Penstemon grandiflorus (Large Beardtongue)
|Also known as:||Large-flowered Beardtongue, Large-flowered Penstemon|
|Habitat:||sun; dry sandy or rocky soil; prairies, savannas, rock outcrops, Jack pine stands|
|Bloom season:||May - July|
|Plant height:||12 to 40 inches|
|Wetland Indicator Status:||none|
|MN county distribution (click map to enlarge):|
|National distribution (click map to enlarge):|
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Three to 9 opposite pairs of flower clusters on very short stalks arising from leaf axils in the upper plant, with 2 to 4 short-stalked flowers in each cluster. Flowers are lavender to purplish-pink or occasionally blue, up to 2 inches (3.5 to 5 cm) long, tubular, the lower lip extending out and down with 3 rounded lobes, the upper lip erect and lobed in 2 parts somewhat smaller than the lower lobes. Inside the tube are several darker purplish lines, 4 black-tipped stamens hugging the upper part of the tube, a white style, and a white sterile stamen sparsely hairy on the tip end.
The floral tube is abruptly inflated from the lower third. The calyx holding the flower is light green to blue-green, hairless, and has 5 lance to triangular lobes shorter than the floral tube. Flower stalks are hairless and light green to purplish.
Leaves and stem:
Leaves are basal and opposite along the stem, blue-green often covered in a waxy bloom. Basal and lowest stem leaves are stalked, toothless, hairless, spatula-shaped to elliptic, 1 to 6+ inches (3 to 16 cm) long, up to 2 inches (5 cm) wide, rounded to pointed at the tip, tapering at the base.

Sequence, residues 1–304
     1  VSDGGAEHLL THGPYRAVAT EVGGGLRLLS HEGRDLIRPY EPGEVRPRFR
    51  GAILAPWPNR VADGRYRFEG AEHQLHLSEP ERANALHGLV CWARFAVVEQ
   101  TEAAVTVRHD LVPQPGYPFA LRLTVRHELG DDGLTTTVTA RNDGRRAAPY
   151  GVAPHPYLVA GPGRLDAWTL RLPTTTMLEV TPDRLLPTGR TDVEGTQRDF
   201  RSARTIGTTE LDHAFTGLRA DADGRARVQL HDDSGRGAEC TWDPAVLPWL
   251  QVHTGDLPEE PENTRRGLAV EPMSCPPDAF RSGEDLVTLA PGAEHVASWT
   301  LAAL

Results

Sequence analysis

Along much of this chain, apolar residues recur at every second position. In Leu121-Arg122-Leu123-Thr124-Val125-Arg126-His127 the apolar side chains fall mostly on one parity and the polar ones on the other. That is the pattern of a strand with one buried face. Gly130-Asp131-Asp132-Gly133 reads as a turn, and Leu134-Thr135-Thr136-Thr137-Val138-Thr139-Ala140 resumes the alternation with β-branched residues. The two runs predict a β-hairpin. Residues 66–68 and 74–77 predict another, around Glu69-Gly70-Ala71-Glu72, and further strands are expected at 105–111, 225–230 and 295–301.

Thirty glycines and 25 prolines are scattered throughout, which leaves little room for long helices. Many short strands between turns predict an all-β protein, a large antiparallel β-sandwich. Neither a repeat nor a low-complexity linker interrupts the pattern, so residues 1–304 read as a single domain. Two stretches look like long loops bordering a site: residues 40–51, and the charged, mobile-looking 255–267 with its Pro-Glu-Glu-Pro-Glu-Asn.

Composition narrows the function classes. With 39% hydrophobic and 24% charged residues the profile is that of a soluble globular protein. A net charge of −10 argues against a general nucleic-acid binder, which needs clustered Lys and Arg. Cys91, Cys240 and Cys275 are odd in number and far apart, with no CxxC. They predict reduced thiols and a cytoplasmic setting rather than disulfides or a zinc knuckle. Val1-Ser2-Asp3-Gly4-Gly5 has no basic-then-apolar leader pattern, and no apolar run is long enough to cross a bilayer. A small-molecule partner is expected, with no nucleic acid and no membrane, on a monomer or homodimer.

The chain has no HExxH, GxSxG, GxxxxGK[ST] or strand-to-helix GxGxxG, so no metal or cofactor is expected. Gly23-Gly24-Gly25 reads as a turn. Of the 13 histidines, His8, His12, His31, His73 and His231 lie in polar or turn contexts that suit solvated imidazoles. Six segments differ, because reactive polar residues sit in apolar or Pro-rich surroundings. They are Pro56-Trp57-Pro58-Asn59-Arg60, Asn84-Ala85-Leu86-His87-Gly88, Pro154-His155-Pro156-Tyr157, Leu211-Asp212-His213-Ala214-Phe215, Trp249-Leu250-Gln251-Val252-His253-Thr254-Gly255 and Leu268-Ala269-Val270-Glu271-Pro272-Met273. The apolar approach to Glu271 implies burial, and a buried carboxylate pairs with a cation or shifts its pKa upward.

Stem leaves are mostly ascending, up to 3½ inches (to 9cm) long, half to nearly as wide, more broadly egg-shaped to nearly round, stalkless, more rounded and clasping at the base, reduced to bracts on the upper stem. Stems are erect, single or a few from the base, unbranched, hairless, and light green or purple-tinged with a waxy bloom.
Large Beardtongue is a common sight in prairies of the Upper Midwest and Great Plains. It is commonly included in restoration plantings and makes a great garden plant. When flowering, it won't likely be confused with anything else with its large pinkish-purple flowers. When flowers or fruits are absent, it may resemble 2 non-native weeds: Balkan Catchfly (a.k.a. Biennial Campion, Silene csereii), which has narrower stem leaves sharply pointed at the tip, and Dalmation Toadflax (Linaria dalmatica), which has alternate leaves, where Beardtongue leaves are opposite.
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Photos by K. Chayka taken in Anoka, Lac Qui Parle and Ramsey counties. Photos by Peter M. Dziuk taken in his garden.
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